- Tran LS, Nagai T and Itoh Y: “Divergent structure of the com QXPA quorum sensing components: molecular basis of strain-specific communication mechanism in Bacillus subtilis,” Mol. Microbiol. 2000, 37: 1159-1171.
- Osera C, Amati G, Calvio C and Galizzi A: “Swr AA activates poly-g-glutamate synthesis in addition to swarming in Bacillus subtilis,” Microbiol. 2009, 155: 2282-2287.
- Calvio C, Osera C, Amati G and Galizzi A: “Autoregulation of Swr AA and motility in Bacillus subtilis,” J.Bacteriol. 2008, 190, 5720-5728.
- Deng SB, Bai RB, Hu XM and Luo Q: “Characteristics of a bioflocculants produced by Bacillus mucilaginosus and its use in starch wastewater treatment,” Agricultural and Biological Chemistry. 2003, 60: 588-593.
- Yokoi H, Natsuda O, Hirose J, Hayashi S and Takasaki Y: “Characteristics of a biopolymer flocculant produced by Bacillus PY-90.J,” Ferment. Bioeng. 1995, 79: 378-380.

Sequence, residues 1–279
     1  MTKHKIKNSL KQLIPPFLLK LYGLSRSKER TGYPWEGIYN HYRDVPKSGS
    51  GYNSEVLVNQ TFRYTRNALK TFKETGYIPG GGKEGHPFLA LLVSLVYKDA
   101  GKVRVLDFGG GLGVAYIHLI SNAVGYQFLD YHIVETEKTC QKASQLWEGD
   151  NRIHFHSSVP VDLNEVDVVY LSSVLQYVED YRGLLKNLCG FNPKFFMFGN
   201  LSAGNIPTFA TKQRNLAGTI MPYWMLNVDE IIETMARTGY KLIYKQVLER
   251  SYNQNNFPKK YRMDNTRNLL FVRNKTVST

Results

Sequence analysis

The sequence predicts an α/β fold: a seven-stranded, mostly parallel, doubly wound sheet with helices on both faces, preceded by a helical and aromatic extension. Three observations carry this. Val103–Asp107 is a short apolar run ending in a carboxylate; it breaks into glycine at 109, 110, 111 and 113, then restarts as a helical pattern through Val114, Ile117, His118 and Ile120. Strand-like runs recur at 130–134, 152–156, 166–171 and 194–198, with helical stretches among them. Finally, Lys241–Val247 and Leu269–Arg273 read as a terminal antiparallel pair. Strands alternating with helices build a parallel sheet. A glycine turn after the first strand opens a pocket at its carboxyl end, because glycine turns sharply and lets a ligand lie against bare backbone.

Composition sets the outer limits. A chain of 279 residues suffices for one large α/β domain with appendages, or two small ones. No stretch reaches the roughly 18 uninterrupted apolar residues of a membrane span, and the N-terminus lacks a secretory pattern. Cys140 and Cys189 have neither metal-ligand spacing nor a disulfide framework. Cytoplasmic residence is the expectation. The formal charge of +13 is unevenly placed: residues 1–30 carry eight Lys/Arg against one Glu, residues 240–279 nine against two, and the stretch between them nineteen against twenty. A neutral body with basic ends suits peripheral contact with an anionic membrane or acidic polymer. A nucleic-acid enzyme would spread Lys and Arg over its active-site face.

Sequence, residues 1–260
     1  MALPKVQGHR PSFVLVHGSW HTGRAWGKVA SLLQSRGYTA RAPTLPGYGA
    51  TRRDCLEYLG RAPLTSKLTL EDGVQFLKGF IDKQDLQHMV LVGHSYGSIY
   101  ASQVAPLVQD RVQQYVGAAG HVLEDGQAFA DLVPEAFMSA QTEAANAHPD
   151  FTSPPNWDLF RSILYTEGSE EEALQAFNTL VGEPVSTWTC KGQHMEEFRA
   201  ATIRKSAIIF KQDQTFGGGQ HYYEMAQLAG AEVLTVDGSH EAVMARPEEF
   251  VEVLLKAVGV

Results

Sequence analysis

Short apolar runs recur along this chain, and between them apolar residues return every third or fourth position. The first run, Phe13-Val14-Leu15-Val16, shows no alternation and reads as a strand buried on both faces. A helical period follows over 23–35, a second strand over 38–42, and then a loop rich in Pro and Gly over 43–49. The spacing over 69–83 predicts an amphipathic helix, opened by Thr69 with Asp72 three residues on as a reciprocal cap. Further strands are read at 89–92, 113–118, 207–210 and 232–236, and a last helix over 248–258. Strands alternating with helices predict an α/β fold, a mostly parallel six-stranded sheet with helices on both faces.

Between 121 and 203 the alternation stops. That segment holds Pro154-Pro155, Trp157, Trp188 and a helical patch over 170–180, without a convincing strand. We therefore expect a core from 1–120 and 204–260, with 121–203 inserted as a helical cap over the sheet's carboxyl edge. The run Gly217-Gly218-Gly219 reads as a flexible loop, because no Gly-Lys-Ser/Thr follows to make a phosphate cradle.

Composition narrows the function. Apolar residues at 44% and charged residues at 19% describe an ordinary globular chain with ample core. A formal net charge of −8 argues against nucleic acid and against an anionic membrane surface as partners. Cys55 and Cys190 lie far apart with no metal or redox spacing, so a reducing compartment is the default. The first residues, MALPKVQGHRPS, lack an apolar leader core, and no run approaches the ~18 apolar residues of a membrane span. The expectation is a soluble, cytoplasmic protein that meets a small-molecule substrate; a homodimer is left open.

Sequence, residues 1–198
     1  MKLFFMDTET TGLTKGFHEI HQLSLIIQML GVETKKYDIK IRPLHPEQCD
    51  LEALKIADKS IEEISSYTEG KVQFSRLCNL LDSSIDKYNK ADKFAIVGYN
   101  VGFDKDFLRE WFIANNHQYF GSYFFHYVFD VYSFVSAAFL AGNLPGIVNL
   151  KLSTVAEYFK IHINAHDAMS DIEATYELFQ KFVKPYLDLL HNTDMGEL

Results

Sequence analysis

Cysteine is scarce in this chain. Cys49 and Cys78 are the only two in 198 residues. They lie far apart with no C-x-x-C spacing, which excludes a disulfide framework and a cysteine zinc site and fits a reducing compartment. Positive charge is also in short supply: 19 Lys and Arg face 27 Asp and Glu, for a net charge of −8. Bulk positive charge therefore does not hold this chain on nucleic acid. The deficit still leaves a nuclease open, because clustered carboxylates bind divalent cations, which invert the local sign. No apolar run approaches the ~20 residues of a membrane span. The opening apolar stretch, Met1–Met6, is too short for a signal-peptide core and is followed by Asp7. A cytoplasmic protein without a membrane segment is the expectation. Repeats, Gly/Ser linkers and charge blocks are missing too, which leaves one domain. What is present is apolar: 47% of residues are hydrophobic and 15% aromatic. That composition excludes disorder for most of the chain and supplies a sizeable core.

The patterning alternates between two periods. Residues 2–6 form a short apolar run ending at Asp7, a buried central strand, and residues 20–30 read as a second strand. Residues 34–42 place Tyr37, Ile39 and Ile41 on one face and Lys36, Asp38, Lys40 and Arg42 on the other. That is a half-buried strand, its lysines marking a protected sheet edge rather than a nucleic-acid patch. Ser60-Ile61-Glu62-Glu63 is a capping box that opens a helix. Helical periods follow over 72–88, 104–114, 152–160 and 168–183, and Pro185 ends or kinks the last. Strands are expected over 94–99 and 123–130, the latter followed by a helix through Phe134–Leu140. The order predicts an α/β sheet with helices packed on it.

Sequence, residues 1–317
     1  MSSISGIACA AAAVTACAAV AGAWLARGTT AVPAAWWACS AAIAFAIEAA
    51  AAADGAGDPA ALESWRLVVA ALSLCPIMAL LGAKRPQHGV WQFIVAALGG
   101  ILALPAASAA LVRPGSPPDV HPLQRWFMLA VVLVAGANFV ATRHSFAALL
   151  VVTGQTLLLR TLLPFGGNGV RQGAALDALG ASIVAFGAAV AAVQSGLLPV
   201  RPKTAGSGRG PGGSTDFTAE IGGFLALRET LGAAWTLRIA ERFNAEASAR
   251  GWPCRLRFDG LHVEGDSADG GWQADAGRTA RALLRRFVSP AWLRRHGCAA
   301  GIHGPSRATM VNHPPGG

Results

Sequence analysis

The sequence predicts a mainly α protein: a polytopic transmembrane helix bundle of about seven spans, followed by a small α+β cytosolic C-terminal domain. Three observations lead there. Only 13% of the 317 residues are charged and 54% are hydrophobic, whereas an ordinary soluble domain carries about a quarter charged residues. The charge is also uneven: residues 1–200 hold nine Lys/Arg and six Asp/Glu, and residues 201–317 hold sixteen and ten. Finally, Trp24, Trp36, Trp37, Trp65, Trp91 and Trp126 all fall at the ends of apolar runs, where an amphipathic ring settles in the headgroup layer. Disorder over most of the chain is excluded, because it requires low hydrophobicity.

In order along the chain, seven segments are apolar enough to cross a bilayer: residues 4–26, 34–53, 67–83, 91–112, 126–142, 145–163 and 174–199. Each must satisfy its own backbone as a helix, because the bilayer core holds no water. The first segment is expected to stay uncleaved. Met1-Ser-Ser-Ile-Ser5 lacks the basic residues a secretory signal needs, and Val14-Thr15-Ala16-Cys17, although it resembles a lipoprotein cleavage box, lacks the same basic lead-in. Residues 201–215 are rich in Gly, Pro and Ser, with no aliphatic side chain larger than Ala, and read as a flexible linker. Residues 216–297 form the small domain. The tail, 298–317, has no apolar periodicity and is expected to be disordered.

- McLean RJ, Beauchemin D, Clapham L and Beveridge TJ: “Metal-binding characteristics of the gammaglutamyl capsular polymer of Bacillus licheniformis ATCC 9945,” Appl Environ Microbiol. 1990, 56: 3671-3677.
- Bhattacharyya D, Hestekin JA, Brushaber P, Cullen L, Bachas LG and Sikdar SK: “Novel polyglutamic acid functionalized microfilteration membranes for sorption of heavy metals at high capacity,” J. Membrane Sci. 1998, 141: 121-135.
- Shih IL, Van YT and Sau YY: “Antifreeze activities of poly glutamic acid produced by Bacillus licheniformis,” Biotechnology Letters 2003, 25: 1709-1712.
- Seguro K, Tamiya T, Tsuchiya T and Matsumoto JJ: “Cryoprotective effect of sodium glutamate and lysine-HCl on freeze denaturation of lactate dehydrogenase,” Cryobiology 1990, 27, 70-79.
- Li C, Wallace S, Yu DF and Yang D: “Water soluble paclitaxel prodrugs,” US Patent No. 5977163; 1999.
- Li C, Yu DF, Newman A, Cabral F, Stephens C, Hunter N, Milas L and Wallace S: “Complete regression of well-established tumors using novel water-soluble polyglutamic acid-paclitaxel conjugate,” Cancer Res. 1998, 58, 2404-2409.
- Akai K, Sonoda C and Murase K: “Bitterness relieving agent,” WO0021390: 2000.
- Animoto H, Fox T, Eagles J, Satoh H, Nozawa H, Okiyama A, Morinaga Y, Susan J and Fairweather-Tait SJ: “A cute effect of poly-glutamic acid on calcium absorption in post-menopausal women,” J. Am. College Nutr. 2007, 26(6): 645–649.